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Visualizing huge numbers can be very difficult. People regularly talk about millions of miles, billions of bytes, or trillions of dollars, yet it’s still hard to grasp just how much a “billion” really is. The MegaPenny Project aims to help by taking one small everyday item, the U.S. penny, and building on that to answer the question: “What would a billion (or a trillion) pennies look like?”

The MegaPenny Project, tip of the hat to the Bad Astronomer.

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Not only is religion being co-opted by politicians in the UK (or is it the other way round?); it appears that creationism is making inroads. As The Bad Astronomer reports

A survey in the UK shows that about 1/3 of the teachers in England and Wales think creationism should be taught in science. About half think it shouldn’t be (one assumes the rest have no opinion), while 2/3 of the teachers think it should at least be discussed.

70% of science teachers think creationism should not be taught, which sounds good until you realize that means 30% of science teachers think it should be.

This story also provides a great example of how the same facts can be presented in diametrically opposite ways. The headline in The Daily Express read “THIRD OF TEACHERS WANT CREATIONISM”, while the Ipsos MORI report of the actual study was titled “Teachers Dismiss Calls For Creationism To Be Taught In School Science Lessons”.

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Now here’s a treat! Pop over to the New Humanist Blog and check out their Advent Podcasts. The first is by Stephen Fry.

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You think “single-celled” means “microsopic”? Meet Gromia sphaerica. 1.2 cm across. That’s the size of a grape. And they leave trails – and they may have been doing so all the way back to the Preambrian Precambrian.

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PZ fisks the creationist’s old chestnut about evolution violating the 2nd Law of Thermodynamics. The bottom line:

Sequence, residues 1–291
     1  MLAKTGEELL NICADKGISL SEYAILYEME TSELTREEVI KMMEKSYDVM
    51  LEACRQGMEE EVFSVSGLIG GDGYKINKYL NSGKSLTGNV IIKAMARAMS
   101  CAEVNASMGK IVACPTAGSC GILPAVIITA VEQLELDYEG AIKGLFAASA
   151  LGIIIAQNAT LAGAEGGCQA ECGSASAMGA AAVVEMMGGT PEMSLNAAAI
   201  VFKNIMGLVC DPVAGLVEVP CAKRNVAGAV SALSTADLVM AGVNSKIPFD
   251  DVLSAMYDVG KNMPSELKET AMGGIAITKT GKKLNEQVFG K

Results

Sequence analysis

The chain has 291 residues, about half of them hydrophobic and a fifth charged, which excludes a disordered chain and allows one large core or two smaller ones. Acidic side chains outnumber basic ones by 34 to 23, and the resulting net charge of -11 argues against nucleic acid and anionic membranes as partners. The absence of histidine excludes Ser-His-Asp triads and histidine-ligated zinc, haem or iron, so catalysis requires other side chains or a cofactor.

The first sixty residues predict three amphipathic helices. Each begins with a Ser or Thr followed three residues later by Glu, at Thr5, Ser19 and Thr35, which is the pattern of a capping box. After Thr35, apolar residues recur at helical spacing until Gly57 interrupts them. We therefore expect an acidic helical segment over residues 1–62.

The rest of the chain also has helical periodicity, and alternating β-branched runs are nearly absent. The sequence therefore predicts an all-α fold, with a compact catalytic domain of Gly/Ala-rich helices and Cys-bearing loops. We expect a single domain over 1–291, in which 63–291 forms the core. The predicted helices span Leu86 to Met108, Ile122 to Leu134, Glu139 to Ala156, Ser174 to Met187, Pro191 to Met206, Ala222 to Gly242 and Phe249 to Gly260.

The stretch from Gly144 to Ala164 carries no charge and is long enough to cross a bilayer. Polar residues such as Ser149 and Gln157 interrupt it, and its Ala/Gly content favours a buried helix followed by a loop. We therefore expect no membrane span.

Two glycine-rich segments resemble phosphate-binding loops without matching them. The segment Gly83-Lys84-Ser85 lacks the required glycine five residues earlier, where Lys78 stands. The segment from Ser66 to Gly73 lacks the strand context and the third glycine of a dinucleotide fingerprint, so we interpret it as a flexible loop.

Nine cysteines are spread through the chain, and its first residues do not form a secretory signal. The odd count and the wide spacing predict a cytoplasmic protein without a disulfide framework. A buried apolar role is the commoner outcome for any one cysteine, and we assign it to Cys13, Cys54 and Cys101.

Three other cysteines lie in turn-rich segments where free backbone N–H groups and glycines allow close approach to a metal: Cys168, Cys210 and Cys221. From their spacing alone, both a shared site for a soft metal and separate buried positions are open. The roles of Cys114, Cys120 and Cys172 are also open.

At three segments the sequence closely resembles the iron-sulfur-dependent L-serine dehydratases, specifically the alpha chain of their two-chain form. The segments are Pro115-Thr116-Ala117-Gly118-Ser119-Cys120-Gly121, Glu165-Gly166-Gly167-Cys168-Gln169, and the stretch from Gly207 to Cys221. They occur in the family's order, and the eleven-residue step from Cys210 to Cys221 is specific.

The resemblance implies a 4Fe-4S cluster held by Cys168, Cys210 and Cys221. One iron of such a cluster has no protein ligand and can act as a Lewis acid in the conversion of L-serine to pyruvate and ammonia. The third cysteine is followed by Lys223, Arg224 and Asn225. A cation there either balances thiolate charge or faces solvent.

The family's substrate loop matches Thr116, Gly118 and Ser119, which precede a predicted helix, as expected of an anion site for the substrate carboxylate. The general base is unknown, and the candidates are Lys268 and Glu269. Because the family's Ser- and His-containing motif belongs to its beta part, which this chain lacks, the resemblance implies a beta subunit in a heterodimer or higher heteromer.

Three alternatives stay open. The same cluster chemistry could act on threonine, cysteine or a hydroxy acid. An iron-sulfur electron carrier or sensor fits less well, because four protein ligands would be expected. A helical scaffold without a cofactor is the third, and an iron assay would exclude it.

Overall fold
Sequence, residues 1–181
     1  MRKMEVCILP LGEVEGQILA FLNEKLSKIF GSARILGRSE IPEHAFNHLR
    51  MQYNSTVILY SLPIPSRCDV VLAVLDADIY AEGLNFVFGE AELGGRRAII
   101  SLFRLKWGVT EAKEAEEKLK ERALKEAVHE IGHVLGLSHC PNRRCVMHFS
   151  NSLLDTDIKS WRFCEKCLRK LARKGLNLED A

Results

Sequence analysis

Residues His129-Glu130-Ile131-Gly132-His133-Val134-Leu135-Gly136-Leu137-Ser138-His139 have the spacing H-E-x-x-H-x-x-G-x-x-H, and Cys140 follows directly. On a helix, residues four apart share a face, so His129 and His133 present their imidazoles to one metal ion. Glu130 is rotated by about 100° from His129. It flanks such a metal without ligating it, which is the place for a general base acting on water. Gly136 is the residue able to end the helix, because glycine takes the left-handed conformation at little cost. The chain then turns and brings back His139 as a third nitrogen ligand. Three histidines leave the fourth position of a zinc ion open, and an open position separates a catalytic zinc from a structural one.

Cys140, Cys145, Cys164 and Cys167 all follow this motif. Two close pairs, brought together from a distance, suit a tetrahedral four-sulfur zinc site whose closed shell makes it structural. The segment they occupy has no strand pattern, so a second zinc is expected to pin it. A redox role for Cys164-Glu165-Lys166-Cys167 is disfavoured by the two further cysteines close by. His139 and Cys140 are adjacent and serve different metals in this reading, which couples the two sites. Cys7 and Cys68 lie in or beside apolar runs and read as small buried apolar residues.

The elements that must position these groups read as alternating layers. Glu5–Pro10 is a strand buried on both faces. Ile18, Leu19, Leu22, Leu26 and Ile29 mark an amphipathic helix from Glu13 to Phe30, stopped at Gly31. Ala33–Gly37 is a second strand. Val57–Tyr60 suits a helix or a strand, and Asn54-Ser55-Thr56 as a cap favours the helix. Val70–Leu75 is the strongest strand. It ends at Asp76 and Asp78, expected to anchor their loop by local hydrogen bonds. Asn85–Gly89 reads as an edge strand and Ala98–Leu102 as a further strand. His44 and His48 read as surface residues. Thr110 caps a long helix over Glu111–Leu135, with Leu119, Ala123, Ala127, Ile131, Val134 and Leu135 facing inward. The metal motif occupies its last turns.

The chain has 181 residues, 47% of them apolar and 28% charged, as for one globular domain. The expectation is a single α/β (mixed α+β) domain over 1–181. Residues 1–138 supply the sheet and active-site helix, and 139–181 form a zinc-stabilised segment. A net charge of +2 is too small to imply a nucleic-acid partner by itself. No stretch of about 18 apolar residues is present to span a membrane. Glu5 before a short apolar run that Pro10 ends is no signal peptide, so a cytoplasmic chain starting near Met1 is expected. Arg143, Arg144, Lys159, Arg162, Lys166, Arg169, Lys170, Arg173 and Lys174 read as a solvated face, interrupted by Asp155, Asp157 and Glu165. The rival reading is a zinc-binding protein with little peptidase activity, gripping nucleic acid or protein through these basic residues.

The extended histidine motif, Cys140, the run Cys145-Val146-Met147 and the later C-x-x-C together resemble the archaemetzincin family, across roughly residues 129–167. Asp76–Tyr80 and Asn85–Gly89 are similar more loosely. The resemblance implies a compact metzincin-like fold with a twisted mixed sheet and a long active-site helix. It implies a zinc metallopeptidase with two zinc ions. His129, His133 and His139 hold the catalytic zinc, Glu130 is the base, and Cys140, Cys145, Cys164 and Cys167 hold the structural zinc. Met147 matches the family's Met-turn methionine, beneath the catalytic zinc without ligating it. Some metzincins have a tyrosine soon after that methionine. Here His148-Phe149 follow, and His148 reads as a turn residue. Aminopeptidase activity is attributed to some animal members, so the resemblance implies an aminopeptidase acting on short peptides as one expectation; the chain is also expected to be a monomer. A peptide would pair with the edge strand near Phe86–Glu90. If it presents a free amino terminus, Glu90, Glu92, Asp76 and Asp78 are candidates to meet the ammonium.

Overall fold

To spell it out, there’s about a trillion times more entropy flux available than is required for evolution. The degree by which earth’s entropy is reduced by the action of evolutionary processes is miniscule relative to the amount that the entropy of the cosmic microwave background is increased.

Of course the creationist’s argument was always stupid (hint: closed system), but it’s nice to quantify the stupidity. And the comments are delightful; for example, Matt Heath:

Exactly! If you read discussions of extra-terrestrial life (say Carl Sagan in Pale Blue Dot) “life” is more or less defined as “that which locally pumps away entropy” (at least if we treat machines as extensions of the life forms that built them). So, for example, if we found a planet with oxygen and methane in the atmosphere, whatever was replenishing them (however odd to us) would be worth of the name “life”.

I really like that definition of life. Concise, measurable.

UPDATE: Jason Rosenhouse has a nice follow-up piece, in which he notes “… that the second law plays only a rhetorical role in creationist argumentation. They are happy to use the language of thermodynamics, but they never do the calculations that would be necessary to make a proper argument.”

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Over the next week or so I plan to gather together my thoughts about Neal Stephenson’s new book, Anathem, so that I can write a full review. But here are my preliminary reactions:
Anatham is (at least) three books in one. It’s a science fiction yarn, in which geeks indulge in amazing feats of derring-do to save the world(s). It’s a dialogue about the thorny questions at the intersection of many-worlds quantum science, consciousness, and causality. And the background to both of these is a treatise on the role of science in society, and how the two magisteria – the secular and the scientific – might react against each other over the long haul.

I enjoyed and appreciated it immensely. It deserves careful and patient consideration.